A small startup operating out of Newfoundland in Canada is working on a big problem that could have tremendous impact on the future of the drone industry. In partnership with Boeing, Solace Power will expand the viability and efficacy of a system it developed for recharging unmanned aerial vehicles (UAVs) wirelessly, using energy transmitters that communicate across distances with receivers on drones to keep said gadgets in the air for longer periods of time without requiring the kind of landing and battery swap operation or physical contact charge that most currently require.
The startup has been operating mostly under the radar thus far (GET IT??) but this week it announced investment from Industry Canada, an official government investing body that has providing funding assistance through Boeing to help develop the tech in order to serve Canada’s military procurement needs.
Solace uses ‘resonant capacitive coupling,’ which is derived from the original wireless power experiments run by Nicola Tesla over a hundred years ago. Using this type of wireless charging tech allows for flexibility when it comes to the size and shape of the receiver drawing power, as well as more freedom when it comes to aligning the transmitter and receiver for proper power transmission from point A to B.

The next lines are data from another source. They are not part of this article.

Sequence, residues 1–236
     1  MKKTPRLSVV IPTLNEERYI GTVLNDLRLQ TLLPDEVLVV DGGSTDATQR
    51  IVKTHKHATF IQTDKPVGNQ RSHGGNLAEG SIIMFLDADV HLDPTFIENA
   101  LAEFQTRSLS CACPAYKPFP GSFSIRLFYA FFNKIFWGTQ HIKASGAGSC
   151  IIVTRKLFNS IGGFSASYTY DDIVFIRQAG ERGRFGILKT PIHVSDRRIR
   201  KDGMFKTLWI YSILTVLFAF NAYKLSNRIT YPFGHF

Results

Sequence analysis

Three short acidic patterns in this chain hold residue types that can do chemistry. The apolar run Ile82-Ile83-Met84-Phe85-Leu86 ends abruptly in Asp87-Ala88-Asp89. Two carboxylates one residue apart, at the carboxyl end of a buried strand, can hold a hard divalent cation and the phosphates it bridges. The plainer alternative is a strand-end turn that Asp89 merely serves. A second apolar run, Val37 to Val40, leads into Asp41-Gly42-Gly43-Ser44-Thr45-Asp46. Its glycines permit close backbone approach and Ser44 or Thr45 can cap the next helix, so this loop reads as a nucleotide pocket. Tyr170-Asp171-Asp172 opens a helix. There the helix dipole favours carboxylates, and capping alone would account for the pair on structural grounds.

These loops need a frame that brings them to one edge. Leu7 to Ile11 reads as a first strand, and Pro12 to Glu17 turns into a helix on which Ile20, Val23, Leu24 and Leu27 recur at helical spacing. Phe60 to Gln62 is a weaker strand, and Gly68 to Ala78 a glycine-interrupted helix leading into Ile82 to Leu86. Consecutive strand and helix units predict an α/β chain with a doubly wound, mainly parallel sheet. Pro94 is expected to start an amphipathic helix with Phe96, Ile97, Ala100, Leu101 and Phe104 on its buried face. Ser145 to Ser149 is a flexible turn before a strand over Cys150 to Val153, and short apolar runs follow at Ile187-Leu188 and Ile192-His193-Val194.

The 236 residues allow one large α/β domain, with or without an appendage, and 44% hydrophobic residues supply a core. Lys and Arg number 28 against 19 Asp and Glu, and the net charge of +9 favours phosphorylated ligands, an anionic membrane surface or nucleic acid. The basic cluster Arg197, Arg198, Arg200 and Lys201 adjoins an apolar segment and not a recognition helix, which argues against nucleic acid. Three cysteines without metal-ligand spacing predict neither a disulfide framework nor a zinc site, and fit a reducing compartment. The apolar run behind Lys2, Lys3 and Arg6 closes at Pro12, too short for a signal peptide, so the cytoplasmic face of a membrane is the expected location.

The company already licenses its tech for use in various industries, with potential applications in powering electric vehicles, battery-powered equipment worn as part of a soldier’s kit, or fully contained slip rings, which are ring motors or dynamos used frequently in the construction of robots, helicopters, security cameras and more.
In the video above you can see a video of their drone charging pad in action, with the green LED letting you know when the robot is actually charging its battery. It works at a distance, as you can see, and without requiring special orientation (the drone just has to be above the panel). In terms of autonomous flight, this could mean less overall inactive time for fleets of commercial, agricultural or industrial drones, since they can incorporate brief runs over charging surfaces into their flight plans to keep them airborne. In some instances, it might even make sense to build charging elements directly into surfaces over which drones will be working regularly, like in warehouses or fixed factory sites.
Battery life remains one the primary, if not the single most influential, limiting factors when it comes to autonomous drone deployment and design. Solace Power’s solution, developed in tandem with Boeing, could provide an answer that avoids the need for meteoric advancements in the batteries themselves.